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The old saying “Seeing is believing” is disproved every time a magician tricks his audience into seeing what is not true. He cuts the lady in half; we see it happen, but fortunately she is quite well and all in one piece.

Many people believe things that they have seen are true when they are not, and many times people do not believe what is true. Our eyes play tricks on us. Magicians are expert in deceiving us into seeing things that are not true. We cannot depend on what we see. Even though the horizon looks like a flat line, the earth is not flat as most folks thought at one time — which shows that just because everyone believes something is true does not make it so.

How then are we to know what to believe? Sometimes things we have not seen are true although we have never seen them. Jesus specifically blesses those who have never seen him and yet believe on him. John tells us about a conversation between Jesus and Thomas where Jesus tells Thomas, “Thomas, because thou hast seen me, thou hast believed: blessed are they that have not seen, and yet have believed.”

Certainly none of us have ever seen the Lord, but we believe in him. Many who did see him did not believe, so seeing was not believing for them. Even Saul of Tarsus, who thought that he was a real student of the Word of God, did not believe in Jesus and was out to punish those who did believe in him. It was not until the Lord spoke to him from heaven and struck him blind that he finally believed. Then he saw, even though he was temporarily blind.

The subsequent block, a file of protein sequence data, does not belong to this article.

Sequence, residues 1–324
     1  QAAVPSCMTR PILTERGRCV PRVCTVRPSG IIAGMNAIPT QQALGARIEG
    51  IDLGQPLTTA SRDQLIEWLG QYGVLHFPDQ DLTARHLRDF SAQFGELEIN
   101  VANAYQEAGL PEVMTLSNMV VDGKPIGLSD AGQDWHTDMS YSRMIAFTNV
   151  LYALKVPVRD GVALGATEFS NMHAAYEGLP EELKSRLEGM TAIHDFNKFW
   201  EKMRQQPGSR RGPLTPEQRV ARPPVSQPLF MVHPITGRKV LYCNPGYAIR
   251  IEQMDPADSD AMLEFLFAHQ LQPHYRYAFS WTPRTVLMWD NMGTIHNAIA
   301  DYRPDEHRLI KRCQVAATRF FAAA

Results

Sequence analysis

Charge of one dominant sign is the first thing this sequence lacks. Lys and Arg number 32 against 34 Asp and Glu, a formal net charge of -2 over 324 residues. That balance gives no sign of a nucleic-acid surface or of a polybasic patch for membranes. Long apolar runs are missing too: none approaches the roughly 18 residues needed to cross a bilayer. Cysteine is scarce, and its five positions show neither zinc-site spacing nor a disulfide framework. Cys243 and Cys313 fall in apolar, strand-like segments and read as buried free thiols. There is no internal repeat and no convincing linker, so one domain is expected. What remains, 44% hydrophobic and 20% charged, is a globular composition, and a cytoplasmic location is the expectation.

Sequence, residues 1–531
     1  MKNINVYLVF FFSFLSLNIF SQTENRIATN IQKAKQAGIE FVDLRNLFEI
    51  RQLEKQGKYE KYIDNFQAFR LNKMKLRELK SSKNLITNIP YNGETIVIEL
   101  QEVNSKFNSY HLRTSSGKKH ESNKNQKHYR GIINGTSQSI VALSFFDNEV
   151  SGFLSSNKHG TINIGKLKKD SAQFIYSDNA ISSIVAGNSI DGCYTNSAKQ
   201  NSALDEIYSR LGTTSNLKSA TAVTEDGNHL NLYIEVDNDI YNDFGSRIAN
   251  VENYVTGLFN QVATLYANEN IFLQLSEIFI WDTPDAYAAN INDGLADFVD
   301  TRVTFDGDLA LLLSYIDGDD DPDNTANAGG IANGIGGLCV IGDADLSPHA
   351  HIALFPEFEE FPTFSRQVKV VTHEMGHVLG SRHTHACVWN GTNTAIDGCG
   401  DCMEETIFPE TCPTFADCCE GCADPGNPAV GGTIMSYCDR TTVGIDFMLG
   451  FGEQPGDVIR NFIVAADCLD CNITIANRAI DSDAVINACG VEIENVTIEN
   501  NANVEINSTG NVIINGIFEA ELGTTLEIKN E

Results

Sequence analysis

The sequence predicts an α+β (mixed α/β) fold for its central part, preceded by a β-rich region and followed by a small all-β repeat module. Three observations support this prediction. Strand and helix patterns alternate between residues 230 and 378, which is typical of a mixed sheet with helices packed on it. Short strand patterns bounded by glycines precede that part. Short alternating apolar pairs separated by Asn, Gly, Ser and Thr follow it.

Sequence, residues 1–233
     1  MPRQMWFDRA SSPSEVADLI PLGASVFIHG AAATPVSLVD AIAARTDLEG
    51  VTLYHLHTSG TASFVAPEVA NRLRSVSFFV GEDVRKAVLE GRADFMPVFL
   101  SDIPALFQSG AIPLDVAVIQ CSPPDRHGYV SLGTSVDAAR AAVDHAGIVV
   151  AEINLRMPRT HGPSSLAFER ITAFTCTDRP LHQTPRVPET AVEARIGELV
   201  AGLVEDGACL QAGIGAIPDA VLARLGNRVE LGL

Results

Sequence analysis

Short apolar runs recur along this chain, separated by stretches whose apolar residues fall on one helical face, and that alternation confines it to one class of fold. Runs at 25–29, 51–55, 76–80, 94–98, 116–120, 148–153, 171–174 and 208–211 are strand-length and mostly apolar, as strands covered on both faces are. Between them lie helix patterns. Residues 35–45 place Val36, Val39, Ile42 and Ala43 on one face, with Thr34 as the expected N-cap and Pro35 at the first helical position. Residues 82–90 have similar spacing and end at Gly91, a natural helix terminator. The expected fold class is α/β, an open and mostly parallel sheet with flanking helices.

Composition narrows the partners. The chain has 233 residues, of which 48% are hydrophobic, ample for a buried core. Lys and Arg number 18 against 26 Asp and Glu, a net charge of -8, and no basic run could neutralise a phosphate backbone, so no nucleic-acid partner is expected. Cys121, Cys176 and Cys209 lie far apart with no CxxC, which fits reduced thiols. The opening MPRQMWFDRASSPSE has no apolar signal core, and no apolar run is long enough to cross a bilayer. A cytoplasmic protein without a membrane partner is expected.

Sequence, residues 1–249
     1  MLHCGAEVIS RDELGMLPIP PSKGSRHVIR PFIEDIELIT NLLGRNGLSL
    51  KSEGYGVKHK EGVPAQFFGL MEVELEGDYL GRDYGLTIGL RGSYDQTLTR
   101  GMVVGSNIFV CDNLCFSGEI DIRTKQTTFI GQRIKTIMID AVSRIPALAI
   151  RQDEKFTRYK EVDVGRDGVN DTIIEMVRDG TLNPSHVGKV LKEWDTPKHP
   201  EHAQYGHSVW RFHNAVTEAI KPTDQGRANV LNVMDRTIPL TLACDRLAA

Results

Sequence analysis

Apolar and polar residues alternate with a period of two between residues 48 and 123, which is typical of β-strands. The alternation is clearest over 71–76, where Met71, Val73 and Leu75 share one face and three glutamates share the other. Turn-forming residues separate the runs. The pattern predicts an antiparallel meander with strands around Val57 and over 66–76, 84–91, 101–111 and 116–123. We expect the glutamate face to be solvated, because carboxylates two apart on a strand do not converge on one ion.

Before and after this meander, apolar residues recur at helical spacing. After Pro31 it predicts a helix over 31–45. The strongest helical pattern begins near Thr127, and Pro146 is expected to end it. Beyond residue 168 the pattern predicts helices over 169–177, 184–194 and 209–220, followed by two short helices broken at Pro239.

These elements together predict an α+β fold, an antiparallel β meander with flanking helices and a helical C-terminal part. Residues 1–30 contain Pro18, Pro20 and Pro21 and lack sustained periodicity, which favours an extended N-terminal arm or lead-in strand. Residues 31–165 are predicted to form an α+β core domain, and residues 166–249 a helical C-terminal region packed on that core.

This same man, now the beloved apostle Paul, later wrote to us, saying that the things which we can see are all temporary, while things which are not seen are eternal. We need to get, as it were, spiritual glasses in order to believe in the unseen. The Kingdom of God is coming and there is a time when every eye shall see him, but right now, we only see it through the eye of faith. Our faith is fed by reading about it in the Bible.

So many who saw Jesus when he walked the dusty paths of Israel did not believe in him even though they saw the miracles that he performed. Jesus said, “For judgment I have come into this world, so that the blind will see and those who see will become blind.” Some Pharisees heard him and asked, “What? Are we blind too?” Jesus said, “If you were blind, you would not be guilty of sin; but now that you claim you can see, your guilt remains.”

The very last time Jesus spoke to the multitude, “there were some Greeks among those who went up to worship at the Feast.” They came to Philip with a request. “Sir,” they said, “we would like to see Jesus.” Thankfully they saw and heard him in this, his final discourse. Yet, shortly thereafter, “When he had finished speak-ing, Jesus left and hid himself from them. Even after Jesus had done all these miraculous signs in their presence, they still would not believe in him.”

It is so important for us to see what they did not see and believe what they did not believe. Jesus said, “But blessed are your eyes because they see, and your ears because they hear. For I tell you the truth, many prophets and righteous men longed to see what you see but did not see it, and to hear what you hear but did not hear it.”

Through the eye of faith we do see Jesus now, and we long for the time soon to come, described by John: “Beloved, now are we the sons of God, and it doth not yet appear what we shall be: but we know that, when he shall appear, we shall be like him; for we shall see him as he is.”

Robert J. Lloyd

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